From the Vineyard Gazette editions of Nov. 1971:
Until killing frosts ravage the scarlet cranberries in Manuel S. Duarte’s six-acre bog at Cranberry Acres off Lambert’s Cove Road, there is profuse picking for industrious jelly and sauce makers. The public has been invited to help themselves.
This is the second year that Mr. Duarte has not harvested the berries and shipped them off to an Ocean Spray plant. Two mechanical pickers, a three-wheeled truck which gathers the boxes, scoops, separating machines and necessary tools have stood idle. He hopes to start up his small industry again, however, once he finds helpers willing to work the bogs, cultivating, weeding, fertilizing and picking.
As with farms, the Island once had many bogs under cultivation, but which were gradually discontinued because of labor shortages. Nevertheless, cranberries still abound here. And these days, circulating Island roads, a sharp-eyed driver can spot many an up-turned bottom as pickers stoop to pluck the low-lying berry. Indeed, many have been planning ahead for the sauces, jellies and perhaps even pies that will help fill their tables on Thanksgiving.
Oil rigs may be operating off the shores of New England early in 1973. And this means that the shores of Nantucket and the Vineyard could be oil-soaked just in time for the summer of 1973. Georges Banks, some 30 miles from Nantucket, source of a major part of the world’s supply of fish, is one of the areas with “priority” for leasing to oil interests. There are at present no effective safeguards against oil spills, or any method of clean-up except rakes and shovels.
Though wayfarers down below may have noticed it, the giant pagoda tree — sophora Japonica — on the premises of the Harborside Inn at Edgartown has had a wonderful year. The profusion of yellow blossoms, delicately formed rather like the blossoms of the pea, hung in sprays throughout the lofty tree last summer, above the heads of passersby on South Water street.
Now the flowers have given way to delicate pods, and the pods contain seeds which can readily be propagated. The Harborside tree already has a number of progeny on the Vineyard. The great tree at Edgartown was brought back in a flower pot by Capt. Thomas Milton in 1837. It flourished , as all can see, and its fame has traveled far. The pagoda tree is one of the lesser-known pod-bearers. Its form and foliage alike make it desirable for general planting.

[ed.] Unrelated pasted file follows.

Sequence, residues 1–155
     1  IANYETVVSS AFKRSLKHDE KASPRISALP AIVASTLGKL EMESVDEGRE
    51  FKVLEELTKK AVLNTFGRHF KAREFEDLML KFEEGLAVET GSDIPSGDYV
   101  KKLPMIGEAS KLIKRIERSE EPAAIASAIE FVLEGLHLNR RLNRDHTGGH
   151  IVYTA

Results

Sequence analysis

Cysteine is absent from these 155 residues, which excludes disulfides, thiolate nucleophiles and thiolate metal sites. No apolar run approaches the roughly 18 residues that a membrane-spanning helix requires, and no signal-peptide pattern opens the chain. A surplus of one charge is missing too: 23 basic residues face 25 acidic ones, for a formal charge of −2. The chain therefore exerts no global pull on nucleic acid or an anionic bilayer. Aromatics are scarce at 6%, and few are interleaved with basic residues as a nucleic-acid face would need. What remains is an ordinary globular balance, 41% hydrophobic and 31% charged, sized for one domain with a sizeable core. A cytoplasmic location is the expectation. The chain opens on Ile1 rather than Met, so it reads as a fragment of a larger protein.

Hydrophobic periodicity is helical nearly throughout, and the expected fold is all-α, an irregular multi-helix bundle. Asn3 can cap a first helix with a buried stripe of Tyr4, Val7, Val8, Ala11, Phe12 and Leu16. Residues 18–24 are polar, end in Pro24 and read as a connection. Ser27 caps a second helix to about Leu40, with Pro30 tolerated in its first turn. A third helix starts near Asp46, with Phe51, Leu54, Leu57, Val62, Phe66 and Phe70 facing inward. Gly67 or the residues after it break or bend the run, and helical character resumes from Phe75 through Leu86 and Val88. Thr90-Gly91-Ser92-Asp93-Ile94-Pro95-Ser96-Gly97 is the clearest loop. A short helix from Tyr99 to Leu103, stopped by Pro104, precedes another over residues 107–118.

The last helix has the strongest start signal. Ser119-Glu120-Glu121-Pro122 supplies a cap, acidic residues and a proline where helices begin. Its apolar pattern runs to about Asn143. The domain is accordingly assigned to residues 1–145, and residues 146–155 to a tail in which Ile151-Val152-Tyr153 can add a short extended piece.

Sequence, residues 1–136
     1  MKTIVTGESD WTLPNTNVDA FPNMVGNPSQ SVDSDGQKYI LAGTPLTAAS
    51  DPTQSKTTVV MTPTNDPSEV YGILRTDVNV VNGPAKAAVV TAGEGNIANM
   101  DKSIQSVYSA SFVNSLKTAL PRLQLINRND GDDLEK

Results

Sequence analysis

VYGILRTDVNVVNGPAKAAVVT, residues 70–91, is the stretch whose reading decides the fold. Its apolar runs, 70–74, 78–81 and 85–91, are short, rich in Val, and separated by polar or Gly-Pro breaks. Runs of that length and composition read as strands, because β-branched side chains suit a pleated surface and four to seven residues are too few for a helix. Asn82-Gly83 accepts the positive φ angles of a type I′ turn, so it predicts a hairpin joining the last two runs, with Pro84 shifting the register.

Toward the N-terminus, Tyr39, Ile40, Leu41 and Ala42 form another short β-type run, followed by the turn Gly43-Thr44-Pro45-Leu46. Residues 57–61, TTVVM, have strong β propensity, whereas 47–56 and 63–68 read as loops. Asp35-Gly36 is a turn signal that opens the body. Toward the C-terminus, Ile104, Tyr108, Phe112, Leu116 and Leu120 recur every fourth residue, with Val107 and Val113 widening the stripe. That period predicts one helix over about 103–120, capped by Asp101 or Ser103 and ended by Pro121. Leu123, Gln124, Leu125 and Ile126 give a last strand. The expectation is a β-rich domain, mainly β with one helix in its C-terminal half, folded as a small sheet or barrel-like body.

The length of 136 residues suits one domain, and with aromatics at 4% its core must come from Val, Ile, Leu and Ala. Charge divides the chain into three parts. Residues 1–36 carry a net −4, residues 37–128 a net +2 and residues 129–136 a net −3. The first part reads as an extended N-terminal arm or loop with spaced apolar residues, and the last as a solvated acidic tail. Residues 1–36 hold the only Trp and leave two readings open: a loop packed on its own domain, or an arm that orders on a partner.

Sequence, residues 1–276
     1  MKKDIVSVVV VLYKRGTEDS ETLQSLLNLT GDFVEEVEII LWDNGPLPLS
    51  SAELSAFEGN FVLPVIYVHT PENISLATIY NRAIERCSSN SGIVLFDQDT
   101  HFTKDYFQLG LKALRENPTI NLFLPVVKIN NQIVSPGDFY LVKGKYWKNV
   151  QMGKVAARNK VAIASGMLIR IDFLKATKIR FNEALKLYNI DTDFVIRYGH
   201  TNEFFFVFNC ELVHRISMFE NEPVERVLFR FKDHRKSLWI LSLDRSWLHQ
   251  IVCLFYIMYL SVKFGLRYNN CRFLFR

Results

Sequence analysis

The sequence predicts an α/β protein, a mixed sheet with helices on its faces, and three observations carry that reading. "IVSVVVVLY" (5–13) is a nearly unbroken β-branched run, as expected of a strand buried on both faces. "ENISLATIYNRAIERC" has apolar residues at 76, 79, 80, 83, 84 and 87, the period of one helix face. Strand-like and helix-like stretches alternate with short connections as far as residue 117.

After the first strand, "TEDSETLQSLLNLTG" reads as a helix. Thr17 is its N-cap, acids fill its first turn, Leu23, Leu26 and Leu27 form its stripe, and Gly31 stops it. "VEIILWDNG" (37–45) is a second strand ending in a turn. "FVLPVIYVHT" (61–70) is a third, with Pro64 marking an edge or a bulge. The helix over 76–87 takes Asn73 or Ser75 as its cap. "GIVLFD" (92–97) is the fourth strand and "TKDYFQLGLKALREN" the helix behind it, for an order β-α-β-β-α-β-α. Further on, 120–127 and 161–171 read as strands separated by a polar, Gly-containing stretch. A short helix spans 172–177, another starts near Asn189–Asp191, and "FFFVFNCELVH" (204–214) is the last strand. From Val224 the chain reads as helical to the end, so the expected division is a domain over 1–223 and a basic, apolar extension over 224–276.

The lore of the beetlebung tree continues to grow. It has been said that the trees were brought and planted by the Vikings. This imaginative story about the Vikings is undoubtedly one more chapter in the annals of the beetlebungs and the grove at Beetlebung Corner. Aside from their traditional Island name, the trees are, of course, tupelos or Nyssa Sylvatica, no different from tupelos elsewhere.
A special town meeting has been called in Oak Bluffs for Thursday, Nov. 11, at 7 p.m. Six articles ask for transfers of money, totaling $22,850, to meet overexpenditures in various accounts and unforeseen increases in the insurance rate.
The sum of $1,200 is asked for additional insurance for town buildings and $950 for additional insurance for town-owned vehicles. Article 3 seeks a $17,000 transfer from surplus revenue to be used for beach erosion. The sanitary landfill at the town dump is costing more than estimated, in the sum of $2,500, also to be taken from surplus revenue.
Another $200 is to be taken from surplus to cover additional assessors’ expenses, and in the last article, $1,000 is to be transferred from the unexpended balance in the bulkhead construction account to be used for dredging in Sengekontacket.
A large area of Noman’s Land was swept by fire Tuesday night, when a flare dropped by the Pennsylvania Air National Guard failed to go out before it struck the ground, and was left burning. The conflagration, which burned between three and four hours, emblazoning the sky until almost midnight, was described as a “holocaust that was dreadful to watch.” Residents of Gay Head watched the fire through the evening hours and were unable to obtain any information as to the cause of the fire.
A spokesman from the Quonset Point Naval Air Station said that the National Guard unit had been flying small spotter aircraft, a pair of their practice to “maintain a proficiency in spotting geographic terrain and in search and rescue operations.” A flare was dropped to light the bombing area, according to the Navy report, and even though it did not extinguish itself as flares customarily do, the Air National Guardsmen left the scene at 6 p.m. “with a small fire burning.”
Compiled by Alison Mead